It was this feedback that encouraged me to embark on this new book, The Family G.I. Diet. Why focus on the family? The first reason is that most of the correspondence I’ve received has been from women. And despite all the changes in family life, for better or worse most women still play the role of chief shopper, cook and gatekeeper for their family’s health and nutrition. At the same time, women, as well as men, are working longer hours outside the house. They just can’t devote a lot of their time to “managing” the way the family eats, too. One of their biggest challenges is figuring out how to prepare a different set of diet meals for themselves while cooking for the rest of the family. How can they control their own weight, meet the needs and culinary whims of the rest of the family and somehow avoid becoming a short-order cook?
There’s another consideration as well. Men and women have different nutritional needs, depending on their stage of life and hormonal factors. A woman expecting twins won’t have the same appetite and nutritional demands as the elderly grandfather who might be sharing the dinner table with her. Menopause also brings its own metabolic changes and nutritional shifts for women. And teenagers may have a strange concept of what constitutes a “hearty breakfast.” My wife, Ruth, and I have raised three children–one of them a vegetarian–so we’re well aware of the challenges of feeding a family whose members’ appetites and tastes vary.
Women are not only concerned about their own weight, but they also worry about their overweight spouses, partners and children. Is your partner overweight? Since just under 56 percent of Canadian men are either in that category or officially obese, there is a good chance that this is the case. (See the Body Mass Index on pages 34—35 to see if he qualifies.)
And you’ve probably been reading about the alarming increase in childhood obesity. According to recent studies, 37 percent of Canadian children between two and eleven years old are overweight. At the same time, you don’t want your children – especially your daughters – to become obsessed with weight loss and body image. What you do want is to establish healthy patterns of eating that keep your children fit and energetic, not only as they are growing up but for the rest of their lives. What you don’t want to do is cater to their every whim by cooking three different meals every night. You can’t really blame kids for their cravings. With so many processed, over-advertised, high-fat snack foods available, they are simply following the path of least resistance. We need to give them appealing options.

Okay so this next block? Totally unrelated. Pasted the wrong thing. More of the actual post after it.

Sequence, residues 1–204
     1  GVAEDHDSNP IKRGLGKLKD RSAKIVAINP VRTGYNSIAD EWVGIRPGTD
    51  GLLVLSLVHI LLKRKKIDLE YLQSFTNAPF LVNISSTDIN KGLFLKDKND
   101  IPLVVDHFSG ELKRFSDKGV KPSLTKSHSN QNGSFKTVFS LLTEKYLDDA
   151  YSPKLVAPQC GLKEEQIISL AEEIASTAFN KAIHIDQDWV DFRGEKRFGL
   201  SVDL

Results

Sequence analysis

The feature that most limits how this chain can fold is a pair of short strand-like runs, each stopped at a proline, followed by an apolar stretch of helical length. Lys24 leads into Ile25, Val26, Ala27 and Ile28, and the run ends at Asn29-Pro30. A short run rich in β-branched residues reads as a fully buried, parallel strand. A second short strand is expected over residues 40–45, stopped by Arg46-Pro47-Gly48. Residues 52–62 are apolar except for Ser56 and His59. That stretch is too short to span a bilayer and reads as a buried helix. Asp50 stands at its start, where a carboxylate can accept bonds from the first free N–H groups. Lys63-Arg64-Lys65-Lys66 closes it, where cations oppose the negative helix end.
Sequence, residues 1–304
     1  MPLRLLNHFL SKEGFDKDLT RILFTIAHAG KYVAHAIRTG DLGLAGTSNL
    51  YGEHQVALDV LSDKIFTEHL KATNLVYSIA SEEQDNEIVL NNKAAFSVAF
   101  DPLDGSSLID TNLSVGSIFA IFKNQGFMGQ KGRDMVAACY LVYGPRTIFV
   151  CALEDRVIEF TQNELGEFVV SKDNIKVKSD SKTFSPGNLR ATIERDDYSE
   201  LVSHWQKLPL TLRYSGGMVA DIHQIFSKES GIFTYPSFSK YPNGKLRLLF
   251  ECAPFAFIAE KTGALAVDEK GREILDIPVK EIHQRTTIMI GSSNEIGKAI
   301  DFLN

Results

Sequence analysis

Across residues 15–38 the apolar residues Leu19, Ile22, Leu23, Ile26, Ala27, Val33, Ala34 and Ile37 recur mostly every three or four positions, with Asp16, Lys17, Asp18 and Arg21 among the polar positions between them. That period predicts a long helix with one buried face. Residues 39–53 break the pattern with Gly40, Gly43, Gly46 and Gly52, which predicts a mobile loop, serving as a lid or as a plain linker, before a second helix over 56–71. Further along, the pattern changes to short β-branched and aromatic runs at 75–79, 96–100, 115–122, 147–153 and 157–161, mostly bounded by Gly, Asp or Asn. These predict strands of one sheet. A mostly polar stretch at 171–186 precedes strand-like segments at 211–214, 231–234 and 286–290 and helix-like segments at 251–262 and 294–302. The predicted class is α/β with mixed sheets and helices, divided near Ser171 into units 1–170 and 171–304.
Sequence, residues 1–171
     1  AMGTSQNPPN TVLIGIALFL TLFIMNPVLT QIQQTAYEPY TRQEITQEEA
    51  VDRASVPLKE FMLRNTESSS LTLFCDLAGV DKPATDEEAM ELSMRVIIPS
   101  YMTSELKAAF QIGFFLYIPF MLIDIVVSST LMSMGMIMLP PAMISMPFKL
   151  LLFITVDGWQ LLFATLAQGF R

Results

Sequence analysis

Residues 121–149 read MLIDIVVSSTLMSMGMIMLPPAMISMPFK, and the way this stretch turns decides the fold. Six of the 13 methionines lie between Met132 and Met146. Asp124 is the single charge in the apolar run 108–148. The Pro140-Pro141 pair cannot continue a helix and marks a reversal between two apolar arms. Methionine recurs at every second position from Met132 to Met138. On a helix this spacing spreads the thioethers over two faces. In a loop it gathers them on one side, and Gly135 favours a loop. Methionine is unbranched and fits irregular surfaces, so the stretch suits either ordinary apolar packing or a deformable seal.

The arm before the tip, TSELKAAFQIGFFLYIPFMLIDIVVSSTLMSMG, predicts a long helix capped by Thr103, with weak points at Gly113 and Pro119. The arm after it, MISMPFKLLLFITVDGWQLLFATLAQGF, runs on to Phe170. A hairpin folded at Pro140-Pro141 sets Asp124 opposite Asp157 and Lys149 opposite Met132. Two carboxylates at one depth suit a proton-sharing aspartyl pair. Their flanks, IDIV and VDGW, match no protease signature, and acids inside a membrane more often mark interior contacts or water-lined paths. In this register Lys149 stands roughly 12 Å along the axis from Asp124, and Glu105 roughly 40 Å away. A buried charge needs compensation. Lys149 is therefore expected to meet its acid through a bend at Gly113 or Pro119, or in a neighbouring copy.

So I could see that a family approach to the G.I. Diet would be helpful, and the result is this book, The Family G.I. Diet. I persuaded my wife, Ruth, who is professor emeritus of the faculties of nursing and medicine at the University of Toronto, to provide a female perspective, as well as to share her experience in women’s health issues and behavioural research. She wrote chapter six, which outlines the special nutritional needs of women from menarche to menopause and beyond, and gave valuable information on feeding children at various stages of their life. Together we talk about how to follow the G.I. Diet along with spouses, partners, toddlers and teenagers. We give you help with shopping, meal planning and lunch packing, and have included fifty new delicious recipes that are G.I. versions of family favourites. We address the special needs of seniors, who are often neglected in other diet books, and help you use nutrition to reduce your family’s risk of heart disease, stroke, diabetes, most cancers and even degenerative conditions like Alzheimer’s. The evidence from medical research is overwhelming that weight management and diet are the most effective ways to reduce your risk of these life-threatening diseases. So the G.I. Diet is not just about losing weight simply and painlessly; it’s also about a permanent gain in quality of life.
On the G.I. Diet, you won’t go hungry or feel deprived, and you will never have to count another calorie or carb. I’m a firm believer that a diet shouldn’t have to involve higher math! How is this possible? The keys are simplicity and nutritional balance. With its emphasis on fruits, vegetables, whole grains, low-fat dairy products, lean meat and seafood, the G.I. Diet is an ideal way for the whole family to eat, whether weight control is an issue or not. And if you or your partner needs to shed five pounds or fifty, The Family G.I. Diet will show both of you how to eat more healthily and lose weight from the same menu.
For more information on the G.I. Diet, a free subscription to my quarterly newsletter and details about how to contact me with your comments and suggestions, please visit my website at www.gidiet.com. I would love to hear from you.
The G.I. Diet Program
Why Do You Want to Lose Weight?
Do you want to lose ten pounds or a hundred? Perhaps you just want to drop a dress size or two while you help your overweight partner lose a significant amount of weight. It’s important to look at the reasons why you or members of your family want to lose weight; your answer will have a lot to do with your motivation to start and, more important, to stay the course with your new way of eating.
Let’s look at the most common reasons why people want to lose weight and see how they reflect your own.
1. I want to look better.